What I do find interesting is the point of view I’ve seen that basically says ‘the people’ have no business reading this stuff. I mean you have to assume every intelligence agency in the world had a complete copy within 20 min of the orig publication. It’s interesting to see the group of people who get bent out of shape because some schmuck on the net might decide to take a look at what his government is doing. They talk as if the damage is deepened every time some pair of uncleared eyes reads this stuff.

  12. R Steff (History)

    Many of us ‘analysts’ who follow global politics and strategy are not all that surprised by the content of these latest leaks. As Jeffrey says:

    “I am struck by is how close the agreement is between what the United States says in public and in private.”

    But I don’t think these leaks are aimed at ‘us’ – they are designed to impact upon the ‘street’ – upon the layman in Europe, the Middle East, etc, that could force short-term policy changes upon their governments.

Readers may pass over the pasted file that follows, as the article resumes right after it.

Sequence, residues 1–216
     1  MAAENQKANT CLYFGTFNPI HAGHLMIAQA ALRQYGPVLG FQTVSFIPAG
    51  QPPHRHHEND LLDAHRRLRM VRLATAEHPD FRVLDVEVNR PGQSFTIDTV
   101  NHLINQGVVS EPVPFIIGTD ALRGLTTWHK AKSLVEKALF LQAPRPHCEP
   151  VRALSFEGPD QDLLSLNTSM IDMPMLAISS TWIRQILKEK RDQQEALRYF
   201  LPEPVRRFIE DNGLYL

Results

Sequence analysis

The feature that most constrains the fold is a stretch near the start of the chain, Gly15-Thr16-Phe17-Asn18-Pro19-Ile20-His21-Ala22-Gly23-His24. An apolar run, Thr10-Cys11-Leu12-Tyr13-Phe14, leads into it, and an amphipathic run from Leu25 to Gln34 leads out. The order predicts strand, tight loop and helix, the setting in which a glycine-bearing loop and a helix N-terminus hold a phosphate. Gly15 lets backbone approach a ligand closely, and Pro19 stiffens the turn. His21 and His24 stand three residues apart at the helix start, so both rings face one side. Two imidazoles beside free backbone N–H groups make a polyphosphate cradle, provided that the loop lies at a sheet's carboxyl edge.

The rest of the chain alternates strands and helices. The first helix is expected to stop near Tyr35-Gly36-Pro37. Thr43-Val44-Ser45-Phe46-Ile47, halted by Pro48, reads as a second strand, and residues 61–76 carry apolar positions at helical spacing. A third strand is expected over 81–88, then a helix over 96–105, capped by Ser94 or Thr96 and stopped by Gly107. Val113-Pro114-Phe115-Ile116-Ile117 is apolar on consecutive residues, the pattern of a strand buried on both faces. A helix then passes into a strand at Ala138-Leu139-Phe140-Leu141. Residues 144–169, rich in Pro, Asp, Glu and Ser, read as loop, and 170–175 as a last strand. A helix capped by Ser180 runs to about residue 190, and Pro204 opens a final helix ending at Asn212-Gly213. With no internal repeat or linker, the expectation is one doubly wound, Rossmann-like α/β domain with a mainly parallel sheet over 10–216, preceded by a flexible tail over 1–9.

13. P.E.T. (History)

    “But I don’t think these leaks are aimed at‘us’…”

    Ah, dezinformatsiya :)

    • George William Herbert (History)

      I don’t think the leaks are aimed, at all.

      Assange has a quixotic viewpoint on geopolitics – essentially, all government secrecy is a function of and supporting aspect of oligarchical non-democratic / authoritarian behavior, and should be fought. And more generally, that applies in his viewpoint to almost any organization operating out of view.

      He aimed, as it were, at destroying hipocritical US behaviors, but has mostly demonstrated to date that there were no big evil secrets or malfeasance in play (a lot of little ones, and a lot of sensitive comments from other leaders etc, but nothing truly relevatory). He seems to have released information that disproves his fundamental thesis.